Assassin’s Creed has evolved since its debut in 2007, and I can’t say that I’m a fan of the changes the series has gone through since its inception.
In the lore of the Assassin’s Creed series, the Assassins and the Templar have fought a secret war for centuries. Where the Templar seeks to subjugate and control mankind, the Assassins seek peace and freedom for all. The series follows their various conflicts throughout history, from Third Crusade, to the Italian Renaissance, and recently the American Revolution.
The game’s storied past is somewhat troubled. The eponymous first iteration was little more than a tech demo for the Anvil engine and its impressively dynamic world rendering abilities. The game itself lacked in variety, personality, and style, and was rightly derided for these deficiencies.
Assassin’s Creed II improved greatly upon its predecessor’s shortcomings. You were given more character motivation than just a checklist of murders, a much more sympathetic and interesting protagonist, and greater play style variety.
By and large, however, it was still a game about quietly stalking an intended target before publicly murdering them in a spectacular manner to affect change. This is historically how the Hashishin operated, and the game claims to base its characters that group.
In Assassin’s Creed III, you play the role of Ratonhnhaké:ton “Connor” Kenway, a half-Mohawk, half-English Assassin who finds himself embedded deeply with America’s founding fathers during the Revolutionary War.
You’ll often feel like the Forrest Gump of the American Revolution. You dump tea in the harbor during the Boston Tea Party, lead troops at Lexington and Concord, and in one hilarious sequence, ride tandem with Paul Revere as he shouts directions to you during his midnight ride.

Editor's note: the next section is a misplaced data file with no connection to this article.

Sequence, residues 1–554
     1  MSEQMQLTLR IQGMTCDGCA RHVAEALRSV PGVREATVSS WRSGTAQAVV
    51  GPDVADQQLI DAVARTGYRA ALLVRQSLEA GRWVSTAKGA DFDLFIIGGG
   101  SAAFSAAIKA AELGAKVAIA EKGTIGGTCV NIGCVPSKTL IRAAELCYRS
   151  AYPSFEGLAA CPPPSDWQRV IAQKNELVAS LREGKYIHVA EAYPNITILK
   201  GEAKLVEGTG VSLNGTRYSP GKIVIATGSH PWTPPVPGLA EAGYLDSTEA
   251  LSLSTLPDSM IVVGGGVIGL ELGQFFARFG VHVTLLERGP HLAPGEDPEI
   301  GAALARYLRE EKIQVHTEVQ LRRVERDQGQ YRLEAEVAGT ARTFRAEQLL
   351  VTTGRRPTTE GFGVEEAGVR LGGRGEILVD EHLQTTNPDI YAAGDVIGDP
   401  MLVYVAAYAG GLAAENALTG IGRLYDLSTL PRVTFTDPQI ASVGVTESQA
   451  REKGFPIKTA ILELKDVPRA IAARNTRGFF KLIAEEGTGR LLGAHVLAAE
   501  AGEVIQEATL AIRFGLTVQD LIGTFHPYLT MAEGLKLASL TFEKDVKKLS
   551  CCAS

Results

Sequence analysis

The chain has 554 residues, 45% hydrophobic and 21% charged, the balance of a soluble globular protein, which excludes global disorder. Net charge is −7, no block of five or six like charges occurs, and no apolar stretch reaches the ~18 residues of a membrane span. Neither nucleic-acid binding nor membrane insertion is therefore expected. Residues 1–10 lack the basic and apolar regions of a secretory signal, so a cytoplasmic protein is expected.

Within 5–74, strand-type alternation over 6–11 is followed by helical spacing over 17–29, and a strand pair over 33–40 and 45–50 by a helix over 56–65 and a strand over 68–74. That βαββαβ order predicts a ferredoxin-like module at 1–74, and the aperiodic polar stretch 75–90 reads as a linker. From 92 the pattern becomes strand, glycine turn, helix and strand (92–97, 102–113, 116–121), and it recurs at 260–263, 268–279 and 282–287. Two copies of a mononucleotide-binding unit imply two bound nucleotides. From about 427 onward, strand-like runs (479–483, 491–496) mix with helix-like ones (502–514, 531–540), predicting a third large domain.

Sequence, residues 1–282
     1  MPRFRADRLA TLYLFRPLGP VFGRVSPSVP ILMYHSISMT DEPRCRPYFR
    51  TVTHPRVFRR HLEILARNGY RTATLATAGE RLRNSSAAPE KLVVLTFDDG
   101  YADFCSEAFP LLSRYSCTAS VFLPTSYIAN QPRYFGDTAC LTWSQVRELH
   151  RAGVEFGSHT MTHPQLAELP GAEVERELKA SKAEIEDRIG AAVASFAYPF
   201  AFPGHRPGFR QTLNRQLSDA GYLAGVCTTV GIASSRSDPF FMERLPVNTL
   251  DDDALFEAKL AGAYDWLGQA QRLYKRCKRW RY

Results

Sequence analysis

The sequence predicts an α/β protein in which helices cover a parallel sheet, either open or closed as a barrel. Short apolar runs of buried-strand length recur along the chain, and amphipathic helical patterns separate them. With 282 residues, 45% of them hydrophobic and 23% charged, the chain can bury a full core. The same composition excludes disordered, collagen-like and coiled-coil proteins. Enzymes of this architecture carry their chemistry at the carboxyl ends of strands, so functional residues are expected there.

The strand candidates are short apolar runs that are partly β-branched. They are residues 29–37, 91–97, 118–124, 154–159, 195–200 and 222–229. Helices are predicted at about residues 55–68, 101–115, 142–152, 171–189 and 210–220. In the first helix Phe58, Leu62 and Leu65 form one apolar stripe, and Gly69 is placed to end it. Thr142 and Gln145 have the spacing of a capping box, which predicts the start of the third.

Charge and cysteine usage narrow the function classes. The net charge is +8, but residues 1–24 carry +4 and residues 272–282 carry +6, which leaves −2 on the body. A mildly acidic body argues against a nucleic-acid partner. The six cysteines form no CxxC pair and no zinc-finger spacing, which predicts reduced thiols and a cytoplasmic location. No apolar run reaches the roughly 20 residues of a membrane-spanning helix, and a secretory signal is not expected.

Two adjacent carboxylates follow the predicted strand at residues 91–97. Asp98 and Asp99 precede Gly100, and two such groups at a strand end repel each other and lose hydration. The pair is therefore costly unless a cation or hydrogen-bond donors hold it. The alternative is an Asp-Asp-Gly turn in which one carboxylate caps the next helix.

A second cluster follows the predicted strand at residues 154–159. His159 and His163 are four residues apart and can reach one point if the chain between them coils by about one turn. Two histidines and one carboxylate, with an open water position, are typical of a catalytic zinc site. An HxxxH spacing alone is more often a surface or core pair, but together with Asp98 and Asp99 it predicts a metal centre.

Unexpectedly, you do very little assassination in Assassin’s Creed III. Combat is certainly frequent, well executed, and fluid, but it’s not terribly inconspicuous. Connor is ostensibly portrayed as a master hunter, yet he lacks the subtlety of his predecessors.
Connor is more at home on the battlefield than hiding in haystacks. It was during the Battle of Bunker Hill, as I was racing through Charlestown, dodging artillery bombardment and firing shots at impeding redcoats that I realized this was no longer the series of which I’d once been a fan.
Connor himself is somewhat a disappointment of a protagonist. In the first Assassin’s Creed you played as Altair, a man with all the personality of a brick. In the second, you played as Ezio, a charismatic and cocky womanizer who grew as a character over the course of the game. Connor isn’t quite as dull as Altair, but has nowhere near the appeal of Ezio.
The problem with Connor is that he’s completely rote. Think of how a typical native American movie character might act, and you’ll have a fairly good image of Connor. He’s protective of his tribe, receives his mission from “the spirits,” laments how the land is being ruined, and is quiet and introspective. I think he’s supposed to come off as mysterious and intimidating, but instead he’s just kind of boring.
This is a failure of storytelling, and player/character immersion. The typical garb of an Assassin is a set of robes and a hood. When the hood is down, you see the character and can sympathize with their struggles. But when the hood is up, his face is obscured and the player can embody the character and picture themselves performing the spectacular actions of an assassin.
Assassin’s Creed III succeeds in its attempts at spectacle, but in exchange, sacrifices refinement. It’s no longer a stealth-action game, but an action game with stealth elements, and that isn’t what I thought the series was about.